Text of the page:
All too often, your TDR panelists have another thought that we don’t get to hear on the show. Here are a few from this week:
NBC’s Mark Murray on North Carolina: To illustrate that North Carolina is definitely a battleground state – at least right now – consider that of the 10 media markets with the most presidential advertising this week, three of them are in North Carolina, including top-rated Greensboro. Per SMG Delta, here are the 10 hottest media markets in the presidential race (based on advertising points) for the Obama campaign, Romney campaign, anti-Obama American Future Fund, anti-Obama Americans Crossroads, anti-Obama/pro-Romney Restore Our Future, and anti-Romney/pro-Obama Priorities USA.
TIME’s Michael Crowley on the Rev. Wright redux: The possibility that a Rev. Wright Super PAC ad could backfire and hurt Romney is a reminder that the explosion of these outside groups is a mixed blessing. Campaigns always like more financial air cover–but get very, very nervous about losing control of their message.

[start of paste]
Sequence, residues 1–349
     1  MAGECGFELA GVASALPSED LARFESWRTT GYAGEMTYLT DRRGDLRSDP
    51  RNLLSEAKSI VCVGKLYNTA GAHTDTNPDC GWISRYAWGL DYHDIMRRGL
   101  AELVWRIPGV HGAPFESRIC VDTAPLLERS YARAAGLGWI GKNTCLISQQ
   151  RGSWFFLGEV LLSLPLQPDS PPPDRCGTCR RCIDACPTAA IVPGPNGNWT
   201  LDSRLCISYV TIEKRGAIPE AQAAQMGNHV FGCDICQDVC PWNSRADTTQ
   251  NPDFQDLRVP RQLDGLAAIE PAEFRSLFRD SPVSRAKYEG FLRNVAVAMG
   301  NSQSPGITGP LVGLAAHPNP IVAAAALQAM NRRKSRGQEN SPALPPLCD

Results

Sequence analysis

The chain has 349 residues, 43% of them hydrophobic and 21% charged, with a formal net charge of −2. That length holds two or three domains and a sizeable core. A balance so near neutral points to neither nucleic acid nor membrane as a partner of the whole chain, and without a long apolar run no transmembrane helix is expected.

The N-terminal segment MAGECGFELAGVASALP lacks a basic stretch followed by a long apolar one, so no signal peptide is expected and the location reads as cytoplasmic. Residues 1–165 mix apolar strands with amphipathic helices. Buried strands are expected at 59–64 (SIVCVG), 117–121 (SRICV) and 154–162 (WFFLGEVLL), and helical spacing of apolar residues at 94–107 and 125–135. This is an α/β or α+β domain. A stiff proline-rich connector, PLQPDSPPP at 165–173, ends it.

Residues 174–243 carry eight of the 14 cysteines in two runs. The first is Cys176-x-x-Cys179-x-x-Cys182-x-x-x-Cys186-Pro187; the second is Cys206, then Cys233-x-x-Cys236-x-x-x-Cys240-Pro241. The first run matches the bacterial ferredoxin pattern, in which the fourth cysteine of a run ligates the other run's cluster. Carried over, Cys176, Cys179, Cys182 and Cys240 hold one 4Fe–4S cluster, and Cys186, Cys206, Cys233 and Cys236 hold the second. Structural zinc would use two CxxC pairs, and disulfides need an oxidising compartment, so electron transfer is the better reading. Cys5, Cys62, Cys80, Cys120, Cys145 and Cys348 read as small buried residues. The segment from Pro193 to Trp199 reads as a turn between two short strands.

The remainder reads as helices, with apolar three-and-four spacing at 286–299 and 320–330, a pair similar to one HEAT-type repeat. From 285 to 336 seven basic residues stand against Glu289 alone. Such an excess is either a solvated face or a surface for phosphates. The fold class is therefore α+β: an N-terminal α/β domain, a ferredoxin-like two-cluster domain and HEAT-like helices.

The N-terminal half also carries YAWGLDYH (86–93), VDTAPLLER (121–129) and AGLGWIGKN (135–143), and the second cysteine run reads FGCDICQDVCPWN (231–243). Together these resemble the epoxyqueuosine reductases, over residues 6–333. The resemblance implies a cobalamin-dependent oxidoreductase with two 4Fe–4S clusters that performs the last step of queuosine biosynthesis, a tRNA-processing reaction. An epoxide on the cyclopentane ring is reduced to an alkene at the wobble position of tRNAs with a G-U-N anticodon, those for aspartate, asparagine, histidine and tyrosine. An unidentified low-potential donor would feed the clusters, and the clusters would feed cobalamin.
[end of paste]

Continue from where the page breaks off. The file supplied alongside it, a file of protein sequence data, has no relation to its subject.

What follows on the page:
GOP strategist Rob Johnson on the power of perceptions on the economy: The recent USA TODAY/Gallup poll has some interesting numbers that show good news for Mitt Romney an bad news for the current resident of the White House. 71% of Americans rate economic conditions as poor and 55% say the economy would get better under a Romney presidency versus only 46% for Obama, who has had four years of disastrous failure with economic policies. President Obama’s unfavorable rating as a sitting US President is at 46%; that is a recipe for defeat.